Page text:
He had used “friends” as a courteous collective term at the start of an event trying to seek common ground in the Middle East. Peace isn’t achieved by talking to people you agree with but by engaging those you disagree with. Mo Mowlam did it in Northern Ireland and she succeeded – a long overdue mention of a tangible Labour achievement.
Indeed, the more Andrew Neil tried to suggest the earnest-looking Corbyn might be danger personified the more straightforward and commonsense the Bogeyman’s answers began to sound. Did he support the Tories’ proposal to limit child benefit to two children – as caretaker leader Harriet Harman suggested?
“No, it’s an appalling idea. Children should all be equally loved and cherished. We should turn the conversation to tax avoidance which is in excess of £50 billion a year.”
Would a Corbyn government leave the British economy looking more like devastated Greece or indebted Venezuela? “The British economy is not like either country. We should borrow to fund infrastructure improvement. Where the centre-left has implemented austerity across Europe they have lost office.”
Would you support bombing Isil in Syria? “No (The only candidate to give a clear answer) I’d choke off cash for Isil and help refugees.”
Would you have any of the other three candidates in your cabinet? “I’d bring back shadow cabinet elections (abolished by Ed Miliband) and if they were elected I’d work with them.” And of course, Corbyn is the only candidate backing the SNP’s call to scrap the replacement for Trident.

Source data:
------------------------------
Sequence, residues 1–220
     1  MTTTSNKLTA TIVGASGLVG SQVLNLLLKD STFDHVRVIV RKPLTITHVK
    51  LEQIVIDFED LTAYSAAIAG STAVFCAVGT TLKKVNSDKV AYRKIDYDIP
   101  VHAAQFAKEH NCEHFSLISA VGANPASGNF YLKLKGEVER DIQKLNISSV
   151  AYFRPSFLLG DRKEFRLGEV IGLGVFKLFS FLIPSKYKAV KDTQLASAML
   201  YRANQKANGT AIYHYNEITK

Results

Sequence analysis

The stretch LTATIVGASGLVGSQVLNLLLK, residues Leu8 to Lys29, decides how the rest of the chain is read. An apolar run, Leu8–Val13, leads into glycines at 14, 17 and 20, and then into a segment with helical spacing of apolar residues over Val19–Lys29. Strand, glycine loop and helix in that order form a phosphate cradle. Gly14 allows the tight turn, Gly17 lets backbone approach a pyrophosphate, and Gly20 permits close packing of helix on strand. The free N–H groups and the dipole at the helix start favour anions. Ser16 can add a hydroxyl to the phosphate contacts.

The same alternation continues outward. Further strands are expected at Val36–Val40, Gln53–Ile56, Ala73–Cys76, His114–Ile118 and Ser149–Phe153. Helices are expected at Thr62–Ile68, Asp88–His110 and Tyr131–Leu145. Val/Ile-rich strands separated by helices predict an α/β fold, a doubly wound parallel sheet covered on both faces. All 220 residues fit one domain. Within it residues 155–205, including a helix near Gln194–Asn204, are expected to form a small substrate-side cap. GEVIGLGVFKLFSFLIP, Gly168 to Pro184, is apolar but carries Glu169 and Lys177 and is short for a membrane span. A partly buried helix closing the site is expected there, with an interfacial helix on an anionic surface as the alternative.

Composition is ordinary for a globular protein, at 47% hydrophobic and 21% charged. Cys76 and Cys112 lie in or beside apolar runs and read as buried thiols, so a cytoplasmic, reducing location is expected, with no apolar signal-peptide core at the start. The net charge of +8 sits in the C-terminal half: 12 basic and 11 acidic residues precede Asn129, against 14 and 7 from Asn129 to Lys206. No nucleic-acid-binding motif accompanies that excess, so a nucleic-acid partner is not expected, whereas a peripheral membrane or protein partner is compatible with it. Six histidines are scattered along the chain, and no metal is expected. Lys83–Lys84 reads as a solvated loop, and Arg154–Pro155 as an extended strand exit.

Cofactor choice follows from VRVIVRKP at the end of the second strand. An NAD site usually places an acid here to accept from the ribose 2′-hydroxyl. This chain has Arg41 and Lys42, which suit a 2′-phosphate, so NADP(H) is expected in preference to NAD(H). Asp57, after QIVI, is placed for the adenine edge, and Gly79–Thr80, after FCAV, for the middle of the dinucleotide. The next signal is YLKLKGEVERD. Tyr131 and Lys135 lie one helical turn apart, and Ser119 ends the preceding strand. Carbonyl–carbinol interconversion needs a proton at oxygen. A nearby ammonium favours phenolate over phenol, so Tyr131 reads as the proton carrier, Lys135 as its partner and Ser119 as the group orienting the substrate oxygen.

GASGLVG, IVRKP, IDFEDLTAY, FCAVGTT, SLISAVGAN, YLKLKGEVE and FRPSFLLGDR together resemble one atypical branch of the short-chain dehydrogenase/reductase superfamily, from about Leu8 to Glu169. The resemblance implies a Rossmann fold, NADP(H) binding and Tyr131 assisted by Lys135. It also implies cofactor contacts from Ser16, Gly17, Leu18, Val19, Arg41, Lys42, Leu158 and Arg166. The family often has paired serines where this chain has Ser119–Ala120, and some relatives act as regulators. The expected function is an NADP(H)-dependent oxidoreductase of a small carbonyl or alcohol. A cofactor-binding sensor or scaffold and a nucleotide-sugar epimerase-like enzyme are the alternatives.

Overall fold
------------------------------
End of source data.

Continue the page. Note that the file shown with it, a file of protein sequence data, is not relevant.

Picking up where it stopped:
Let’s face it. If Jeremy was standing as a candidate for the Scottish Labour leadership, he’d win hands down. But he’s not.
So is the prospect of a Corbyn-led Labour Party credible and would it really mean the death-knell for Labour in a way other leadership candidates could plausibly avoid?
The degree of panic over Corbyn’s challenge was barely visible on the Sunday Politics because Yvette Cooper and Andy Burnham both need his second preference votes. Equally, the Tories are reportedly cock-a-hoop at the prospect of another “loony left” leader. So much that David Cameron reportedly gave the surprised Corbyn a tip: “It’s important you don’t go on holiday. August is vital.”
So is an upset in the offing? Is it possible that English voters who said Nicola Sturgeon was the best leader in the General Election have found a similar figure to support?
In 1992 eight million people entitled to vote stayed at home. By 2001 that number hit 18 million, a 125 per cent rise. In May it was almost 16 million. These are the voters Labour can realistically try to reanimate. But is that more likely with a Blair-lite managerial-style leader or with Jeremy Corbyn?
According to Matthew Norman of the Independent: “In what reminds one of a stultifying dreadful fringe theatre production… [Labour] let the mad uncle out of the attic as a joke, but found … he made far more sense than his sneering nieces and nephews.”
In other words, all bets are off.